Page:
The first 'public accommodation complaint' has been filed under San Antonio's year old gay, lesbian, and transgender Non Discrimination Ordinance, Newsradio 1200 WOAI reports.
A previous complaint alleged vague discrimination in hiring. City officials say this is the first complaint that goes to the heart of what the NDO was passed to avoid, discrimination against gay individuals in so called 'public accommodations,' or businesses that are open to the public.
Two women are filing a complaint against a south side ice house and dance hall, which allegedly evicted them because they kissed on the dance floor.
"It was only a peck, and happened only once," reads the complaint, obtained by Newsradio 1200 WOAI, "but when the complainants returned to dance again, the music was abruptly shut off."
The complaint says a security guard told the women that 'this is a family establishment and the owner does not allow 'the lesbians' to kiss."
Attorney Justin Nichols, who is representing the women, say the ball is now in the hands of the city.
"It is really going to be up to the city to conduct what is really a 'quasi criminal investigation' to see if there was a violation of the ordinance," Nichols said.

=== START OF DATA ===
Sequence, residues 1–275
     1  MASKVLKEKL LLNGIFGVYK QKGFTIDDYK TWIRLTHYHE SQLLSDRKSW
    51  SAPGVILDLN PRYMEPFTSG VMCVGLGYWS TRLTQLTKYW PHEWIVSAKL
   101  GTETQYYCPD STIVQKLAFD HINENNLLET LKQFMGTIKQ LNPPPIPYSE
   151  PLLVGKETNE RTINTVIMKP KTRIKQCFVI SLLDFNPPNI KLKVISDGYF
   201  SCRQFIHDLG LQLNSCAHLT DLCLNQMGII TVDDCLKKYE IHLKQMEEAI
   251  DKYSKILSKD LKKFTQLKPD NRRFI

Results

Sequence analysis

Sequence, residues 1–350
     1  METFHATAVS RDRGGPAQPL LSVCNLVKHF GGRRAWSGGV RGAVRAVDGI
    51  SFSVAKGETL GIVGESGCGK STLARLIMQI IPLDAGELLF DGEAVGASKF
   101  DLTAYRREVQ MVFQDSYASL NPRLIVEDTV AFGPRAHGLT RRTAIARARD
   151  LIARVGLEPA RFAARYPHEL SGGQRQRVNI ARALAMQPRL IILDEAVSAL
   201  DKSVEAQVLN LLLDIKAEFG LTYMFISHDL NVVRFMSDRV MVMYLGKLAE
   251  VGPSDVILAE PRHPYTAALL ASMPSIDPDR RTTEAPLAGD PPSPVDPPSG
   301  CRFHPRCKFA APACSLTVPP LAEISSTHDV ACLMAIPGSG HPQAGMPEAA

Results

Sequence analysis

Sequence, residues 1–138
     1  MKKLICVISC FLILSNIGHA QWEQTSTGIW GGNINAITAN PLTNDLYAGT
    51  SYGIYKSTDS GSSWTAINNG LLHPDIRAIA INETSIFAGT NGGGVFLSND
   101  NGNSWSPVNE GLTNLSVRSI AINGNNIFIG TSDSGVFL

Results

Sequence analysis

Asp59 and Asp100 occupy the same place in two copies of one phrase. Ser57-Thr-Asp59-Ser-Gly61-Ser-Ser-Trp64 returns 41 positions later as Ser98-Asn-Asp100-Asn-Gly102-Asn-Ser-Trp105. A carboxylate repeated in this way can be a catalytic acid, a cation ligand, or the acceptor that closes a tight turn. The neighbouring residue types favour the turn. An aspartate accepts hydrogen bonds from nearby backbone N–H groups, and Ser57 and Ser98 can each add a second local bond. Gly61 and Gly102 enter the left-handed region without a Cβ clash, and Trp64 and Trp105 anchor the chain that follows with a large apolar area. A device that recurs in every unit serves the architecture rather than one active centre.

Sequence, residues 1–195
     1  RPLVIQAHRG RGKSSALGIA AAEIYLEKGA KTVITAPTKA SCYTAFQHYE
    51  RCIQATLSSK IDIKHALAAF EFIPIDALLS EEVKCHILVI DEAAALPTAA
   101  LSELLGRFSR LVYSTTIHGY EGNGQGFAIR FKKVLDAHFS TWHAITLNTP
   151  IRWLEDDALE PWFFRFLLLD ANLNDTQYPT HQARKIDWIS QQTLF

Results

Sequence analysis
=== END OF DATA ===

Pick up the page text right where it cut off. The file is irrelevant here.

The complaint says the ice house, 'unlawfully denied Complainants the advantages, facilities, and/or services offered to the general public because of Complainant’s sexual orientation.'
"This will be an important test of whether this is going to work," Nichols said.
Despite all the emotional testimony on the NDO, the law does not include any severe punishments for employers who violate it. Under the NDO, the city is required to try to 'work out an agreement' with the allegedly offending party, and if that doesn't work out, the city has the right to levy a $500 fine, which could be challenged in court as unconstitutional.
"This truly goes to the heart of what the purpose of the NDO law is," Nichols said. "Going about your daily life, gay and lesbian people are not going to be discriminated against."